What is Yoga and Mindfulness?

Yoga and Mindfulness for Children:

Yoga is an ancient contemplative practice that brings together physical postures, deep stretching, relaxation, and breath control (Peck, Kehle, Bray, & Theodore, 2005, p. 416; Haggins & Rundle, 2016, p. 106), while also incorporating cognitive awareness, or mindfulness. Yoga is a contemplative practice of mindfulness.

The term “mindfulness” can be described as an intentional awareness, paying attention to your thoughts and feelings, being in the present moment, being open-minded and accepting towards the experiences and sensations of your mind and body, and understanding why you feel the way you feel or why you are having certain thoughts (Burke, 2010, p. 133; Weare, 2013, p. 141).[1] Mindfulness is also defined by The Mindful Nation. U.K. (MAPP, 2015): “Mindfulness means paying attention to what’s happening in the present moment in the mind, body, and external environment, with an attitude of curiosity and kindness” (p. 14).

Both the practice of yoga and mindfulness have many benefits for teachers and students in a classroom setting. Click here if you wish to read a current list of research on the benefits of yoga and mindfulness for children.

[1] Teaching Yoga and Mindfulness to Children with Hearing Loss by Megan Johnson, Chapter 4.


Babies Can Do Yoga

This spring my sister had her second child – another boy. I had the privilege of spending time with this divine person when he was 9 weeks old.

Theo and I spent time bonding through yoga. Several times over a 3-week period I laid him down on the floor and engaged with him through song, movement and infant massage. Even at this young age Theo loved the attention and made cooing noises and eye contact during these short yoga sessions.

Here are some examples of the benefits that I observed about yoga with a baby.

  • After yoga Theo fell into a deep sleep in my arms
  • Theo immediately stopped crying after doing Drop Squats
  • I felt closer to my nephew because of the touch and eye contact
  • Theo enjoyed moving his body and listening to me sing

Theo After the Yoga Session

Baby Theo

I highly recommend this experience to all moms and caregivers. Sometimes we forget how to engage with infants except through feeding and diapering. Baby yoga gives us tools for socializing, gross motor skills, body awareness, strength, and language development.

I will be offering Baby Yoga at the South Shore Conservatory this Fall. Click here to register for a class.

This Little Light of Mine, I’m Going to Let it Shine

It is January part of the darkest time of the year. The sun does not shine for many hours these days. This is the time of year I find myself drawn to lighting candles in my house to counter the lack of sunlight. It is also the time of year that I find more children signing up for my children’s yoga classes. Is this coincidental? This leads me to contemplate the importance of light. The light that shines down from the sun but also the light that is within us all.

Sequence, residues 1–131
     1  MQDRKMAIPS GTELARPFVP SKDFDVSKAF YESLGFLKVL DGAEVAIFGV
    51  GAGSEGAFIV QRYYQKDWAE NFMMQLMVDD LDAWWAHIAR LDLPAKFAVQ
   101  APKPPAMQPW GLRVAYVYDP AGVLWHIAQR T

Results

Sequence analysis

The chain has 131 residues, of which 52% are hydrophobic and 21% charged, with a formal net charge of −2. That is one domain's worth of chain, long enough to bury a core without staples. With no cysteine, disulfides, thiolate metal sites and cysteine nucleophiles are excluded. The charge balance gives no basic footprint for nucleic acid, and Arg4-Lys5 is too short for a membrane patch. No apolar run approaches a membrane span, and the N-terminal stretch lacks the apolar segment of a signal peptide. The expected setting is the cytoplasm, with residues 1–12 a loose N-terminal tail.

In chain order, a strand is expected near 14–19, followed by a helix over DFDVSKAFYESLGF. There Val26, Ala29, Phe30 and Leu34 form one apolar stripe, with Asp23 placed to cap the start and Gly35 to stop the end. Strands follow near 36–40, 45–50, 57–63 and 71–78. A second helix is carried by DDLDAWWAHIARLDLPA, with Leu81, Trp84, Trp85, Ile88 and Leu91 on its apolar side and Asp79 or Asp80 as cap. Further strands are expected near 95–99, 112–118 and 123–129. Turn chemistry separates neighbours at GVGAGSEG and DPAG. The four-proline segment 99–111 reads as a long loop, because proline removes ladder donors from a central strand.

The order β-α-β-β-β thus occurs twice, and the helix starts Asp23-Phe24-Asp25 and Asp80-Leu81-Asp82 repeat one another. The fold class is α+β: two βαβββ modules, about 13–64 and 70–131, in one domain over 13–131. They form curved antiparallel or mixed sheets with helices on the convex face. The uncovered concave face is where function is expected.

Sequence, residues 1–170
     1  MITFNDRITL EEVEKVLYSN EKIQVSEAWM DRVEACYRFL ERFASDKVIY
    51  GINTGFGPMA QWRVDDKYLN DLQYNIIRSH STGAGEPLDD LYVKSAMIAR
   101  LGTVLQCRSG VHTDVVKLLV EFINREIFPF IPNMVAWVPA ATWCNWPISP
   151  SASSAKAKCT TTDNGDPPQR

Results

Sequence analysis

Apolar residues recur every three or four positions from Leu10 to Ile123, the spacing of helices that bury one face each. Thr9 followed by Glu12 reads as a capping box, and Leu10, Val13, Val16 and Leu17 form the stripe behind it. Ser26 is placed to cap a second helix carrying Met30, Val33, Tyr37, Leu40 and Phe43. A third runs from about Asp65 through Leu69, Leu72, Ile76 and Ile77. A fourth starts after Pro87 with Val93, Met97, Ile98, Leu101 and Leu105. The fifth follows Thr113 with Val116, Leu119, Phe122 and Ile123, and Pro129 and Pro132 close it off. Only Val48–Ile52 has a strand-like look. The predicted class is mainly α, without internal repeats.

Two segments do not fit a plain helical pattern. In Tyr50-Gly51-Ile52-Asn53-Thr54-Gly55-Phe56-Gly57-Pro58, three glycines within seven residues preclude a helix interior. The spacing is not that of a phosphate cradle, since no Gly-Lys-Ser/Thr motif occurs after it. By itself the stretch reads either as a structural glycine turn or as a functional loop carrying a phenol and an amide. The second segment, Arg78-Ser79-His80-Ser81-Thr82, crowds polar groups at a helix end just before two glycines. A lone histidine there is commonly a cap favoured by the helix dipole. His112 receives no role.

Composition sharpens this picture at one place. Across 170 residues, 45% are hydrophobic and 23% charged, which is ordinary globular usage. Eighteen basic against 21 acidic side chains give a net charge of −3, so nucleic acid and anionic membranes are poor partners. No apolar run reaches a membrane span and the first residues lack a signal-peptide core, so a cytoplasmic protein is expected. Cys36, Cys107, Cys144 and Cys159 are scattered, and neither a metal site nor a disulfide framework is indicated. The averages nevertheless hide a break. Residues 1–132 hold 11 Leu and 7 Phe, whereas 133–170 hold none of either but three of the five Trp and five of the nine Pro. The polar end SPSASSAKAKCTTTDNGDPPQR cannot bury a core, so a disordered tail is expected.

I am a certified children’s yoga instructor through Yoga Alliance. I began teaching weekly yoga classes at SSC six years for the preschool and kindergarten children enrolled at SSC in Hingham. I love my job. Each week about 45 children ages 3 – 6 attend a yoga class with me. Their beautiful spirits learn about valuable life skills like deep breathing, cultivating self-love, developing self-awareness, and being compassionate towards themselves and others without competition.

I sometimes ask the preschool children “Do we have light inside of us? Do we have a flashlight in us?” It is difficult to describe the abstract metaphor of the light within us, yet this is an integral concept in teaching the philosophy of yoga. I am reminded of it this week as I am singing and doing yoga poses to the song “This Little Light of Mine, I’m Going to Let it Shine” in my kids yoga classes. I asked the children ages 3-6 what does this light within mean to them. I relate it to what makes them smile or feel happy – a place, a person, an activity. I heard interesting responses like “It is my happy light”. Or “I feel my light when I swim with dolphins, play hockey, do gymnastics, play with my little brother, and am with my parents.” I am very moved that children as young as preschool and kindergarten can begin to be in touch with the light or spirit that allows them to feel joy in the world. I believe that children who are able to connect to their inner wisdom will feel more comfortable and content in this busy world we live in.

Searching for the light within is a great activity for this time of the year, a time of darkness. In our fast paced society it important for children and adults to take sometime for quiet reflection.   Perhaps this article will inspire you to look for your inner light.

Don’t Forget to Breath

During this busy season, don’t forget to breath.  Deep conscious breaths can help you calm down and make better decisions.  Here is a seated meditation that you can try at home, in the car or out in nature.

Breathing in, I know that I am breathing in.
Breathing out, I know that I am breathing out.

As my in-breath grows deep,
My out-breath grows slow.

Breathing in makes me calm,
Breathing out brings me ease.

With the in-breath, I smile,
With the out-breath, I release.

Dwelling in the present moment,
I know this is a wonderful moment.

From A Pebble for Your Pocket by Thich Nhat Hanh